Please bear in mind that the copyright, related rights subject to a lawsuit must be validly protected then to be in compliance with the conditions for commencing an action. However, attention should also be paid to moral rights (except the publication right that is protected for a particular period of time the same as other economic rights), they are protected perpetually, non-assignable and non-alienable.
Meanwhile, the term of protection of economic rights will vary depending on the type of work, fixations of the performances, phonograms, video recordings, broadcastings. For example, in the case of published works, the economic rights (property rights) of cinematographic works, photography, artworks, and anonymous works have a term of protection of seventy-five years from the date of publication counting from the first date of publication. Where those have not been published within twenty five years after the fixation of the work, the term of protection is one hundred years from the date of publication, or from the point of time upon which are fixed in a tangible form of expression.
For groups of industrial property rights established on the basis of registration, including inventions, utility solutions, integrated circuit layout designs, industrial designs, trademarks, geographical indications, the industrial property rights exist only based on the availability of valid titles of protection granted by a competent authority, ie. these titles of protection are respectively called as patent for invention, patent for utility solution, patent for design, certificate of layout design, certificate of trademark registration, certificate of geographical indication registration.
It is worth noting that that some certain types of industrial property rights must be renewed or maintained by the laws, for example, annual annuity against patent for invention or patent for utility model must be paid starting from the time of issuance until the expiry of term of protection of 20 years or 10 years respectively from the date of application. A patent for design must be renewed twice every 5 years from the end of the first 5-year validity period from the filing date. Certificate of registration of geographical indication is valid indefinitely. For trademark, a certificate of trademark registration or international trademark registration is valid for 10 years from the date of filing of application or date of international registration and they can be extended unlimitedly, each time for 10 years.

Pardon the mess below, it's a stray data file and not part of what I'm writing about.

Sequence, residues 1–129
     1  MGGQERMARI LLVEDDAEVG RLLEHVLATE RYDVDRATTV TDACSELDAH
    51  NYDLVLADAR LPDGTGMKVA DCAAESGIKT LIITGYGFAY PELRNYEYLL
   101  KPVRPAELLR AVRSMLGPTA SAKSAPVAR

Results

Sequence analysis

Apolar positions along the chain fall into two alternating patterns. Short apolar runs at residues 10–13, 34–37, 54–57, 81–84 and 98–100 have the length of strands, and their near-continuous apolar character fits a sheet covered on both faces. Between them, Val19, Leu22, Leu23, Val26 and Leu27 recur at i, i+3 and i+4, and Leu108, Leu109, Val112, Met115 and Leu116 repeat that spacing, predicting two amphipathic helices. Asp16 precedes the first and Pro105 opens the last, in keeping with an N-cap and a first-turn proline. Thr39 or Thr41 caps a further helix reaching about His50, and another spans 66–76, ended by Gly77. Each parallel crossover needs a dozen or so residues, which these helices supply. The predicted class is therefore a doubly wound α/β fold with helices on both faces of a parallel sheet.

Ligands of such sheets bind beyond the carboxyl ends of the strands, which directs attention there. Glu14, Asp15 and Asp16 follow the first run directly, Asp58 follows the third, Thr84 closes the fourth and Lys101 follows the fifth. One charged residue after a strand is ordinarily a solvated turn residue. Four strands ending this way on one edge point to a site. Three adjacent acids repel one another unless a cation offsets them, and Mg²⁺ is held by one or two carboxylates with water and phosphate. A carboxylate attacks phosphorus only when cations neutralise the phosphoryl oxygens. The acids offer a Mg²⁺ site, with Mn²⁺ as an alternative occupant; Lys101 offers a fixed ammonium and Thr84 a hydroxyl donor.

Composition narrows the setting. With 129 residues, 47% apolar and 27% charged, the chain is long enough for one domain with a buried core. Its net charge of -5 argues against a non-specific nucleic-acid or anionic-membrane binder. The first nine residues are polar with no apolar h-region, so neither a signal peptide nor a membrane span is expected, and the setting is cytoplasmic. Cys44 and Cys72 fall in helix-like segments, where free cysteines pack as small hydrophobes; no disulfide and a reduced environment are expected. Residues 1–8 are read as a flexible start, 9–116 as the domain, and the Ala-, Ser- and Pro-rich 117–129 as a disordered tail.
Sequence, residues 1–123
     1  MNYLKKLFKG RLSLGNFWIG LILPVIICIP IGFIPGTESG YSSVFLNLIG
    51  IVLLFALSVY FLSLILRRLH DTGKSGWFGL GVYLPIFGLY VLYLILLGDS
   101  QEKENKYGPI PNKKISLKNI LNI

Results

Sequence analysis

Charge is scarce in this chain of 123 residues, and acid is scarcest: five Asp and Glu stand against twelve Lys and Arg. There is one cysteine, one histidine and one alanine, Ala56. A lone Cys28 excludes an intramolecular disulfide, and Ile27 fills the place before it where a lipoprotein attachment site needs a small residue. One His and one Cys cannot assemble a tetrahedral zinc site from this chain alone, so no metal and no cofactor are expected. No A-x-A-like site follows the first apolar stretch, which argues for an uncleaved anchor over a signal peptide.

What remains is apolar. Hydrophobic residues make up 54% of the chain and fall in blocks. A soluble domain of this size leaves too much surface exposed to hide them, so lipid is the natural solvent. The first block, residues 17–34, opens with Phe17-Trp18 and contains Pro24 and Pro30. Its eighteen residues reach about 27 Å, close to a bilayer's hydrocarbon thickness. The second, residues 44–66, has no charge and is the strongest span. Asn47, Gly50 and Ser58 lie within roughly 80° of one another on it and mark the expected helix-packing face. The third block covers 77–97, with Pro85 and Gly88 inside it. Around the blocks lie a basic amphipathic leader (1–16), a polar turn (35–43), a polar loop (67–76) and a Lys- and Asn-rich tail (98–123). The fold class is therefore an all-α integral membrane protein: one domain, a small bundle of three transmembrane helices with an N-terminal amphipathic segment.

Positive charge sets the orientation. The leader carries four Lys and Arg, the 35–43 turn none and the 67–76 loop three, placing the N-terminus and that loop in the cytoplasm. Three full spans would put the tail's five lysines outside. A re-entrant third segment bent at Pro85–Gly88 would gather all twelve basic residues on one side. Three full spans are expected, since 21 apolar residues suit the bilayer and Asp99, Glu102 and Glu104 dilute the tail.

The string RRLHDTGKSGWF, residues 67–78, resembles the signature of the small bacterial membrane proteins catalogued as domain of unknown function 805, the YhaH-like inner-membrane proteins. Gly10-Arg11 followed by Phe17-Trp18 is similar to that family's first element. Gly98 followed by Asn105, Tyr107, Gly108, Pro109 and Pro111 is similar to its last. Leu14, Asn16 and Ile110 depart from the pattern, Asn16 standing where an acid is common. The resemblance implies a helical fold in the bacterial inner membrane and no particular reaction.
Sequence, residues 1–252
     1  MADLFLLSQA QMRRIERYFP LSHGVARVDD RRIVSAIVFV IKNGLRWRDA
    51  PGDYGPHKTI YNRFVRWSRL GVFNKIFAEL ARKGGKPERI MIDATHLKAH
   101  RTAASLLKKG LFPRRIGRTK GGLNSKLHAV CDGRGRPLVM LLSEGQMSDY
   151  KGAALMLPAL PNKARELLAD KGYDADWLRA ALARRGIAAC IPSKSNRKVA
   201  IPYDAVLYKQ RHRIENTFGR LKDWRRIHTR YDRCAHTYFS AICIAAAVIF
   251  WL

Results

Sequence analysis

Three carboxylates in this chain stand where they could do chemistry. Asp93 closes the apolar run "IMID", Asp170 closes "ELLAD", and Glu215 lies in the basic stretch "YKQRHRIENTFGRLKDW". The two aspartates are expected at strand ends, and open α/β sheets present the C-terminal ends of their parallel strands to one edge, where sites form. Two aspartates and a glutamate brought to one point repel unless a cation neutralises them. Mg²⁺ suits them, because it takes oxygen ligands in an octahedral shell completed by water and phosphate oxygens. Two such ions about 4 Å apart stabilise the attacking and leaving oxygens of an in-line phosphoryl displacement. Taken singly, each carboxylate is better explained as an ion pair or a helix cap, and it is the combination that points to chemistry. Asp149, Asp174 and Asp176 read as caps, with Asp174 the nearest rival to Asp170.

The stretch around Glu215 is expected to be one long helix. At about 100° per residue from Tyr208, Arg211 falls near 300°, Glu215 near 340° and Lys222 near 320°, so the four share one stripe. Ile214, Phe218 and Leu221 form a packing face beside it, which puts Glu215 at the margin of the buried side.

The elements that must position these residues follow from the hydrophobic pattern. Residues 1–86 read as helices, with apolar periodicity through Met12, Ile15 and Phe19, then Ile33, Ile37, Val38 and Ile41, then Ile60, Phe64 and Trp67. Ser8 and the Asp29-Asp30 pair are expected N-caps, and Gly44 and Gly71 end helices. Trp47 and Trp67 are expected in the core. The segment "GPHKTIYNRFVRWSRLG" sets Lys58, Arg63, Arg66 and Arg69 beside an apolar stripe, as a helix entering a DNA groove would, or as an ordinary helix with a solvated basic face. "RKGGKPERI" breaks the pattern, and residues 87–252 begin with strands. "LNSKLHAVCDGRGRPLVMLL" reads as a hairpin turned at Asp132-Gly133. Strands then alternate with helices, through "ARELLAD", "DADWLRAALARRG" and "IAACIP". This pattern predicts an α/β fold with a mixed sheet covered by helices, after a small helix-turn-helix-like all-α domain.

For remaining industrial property rights, namely trade name (business name), trade secret, anti-unfair competition right, and well-known trademark (famous trademark) without requirement of registration, plaintiff shall successfully substantiate that such rights are currently subsisted based on the evidences of compliance with their corresponding conditions for protection by the laws, for instance, for business name, industrial property rights merely exist based on the lawful use of such trade names; with regard to business secrets, based on the lawfully obtaining business secrets and the holder exercising the confidentiality of such business secrets; with regard to the rights to combat unfair competition on the basis of business competition activities; and for well-known marks, a great deal of evidences and documents showing 8 criteria for evaluating well-known marks under Article 75 of the Intellectual Property Law.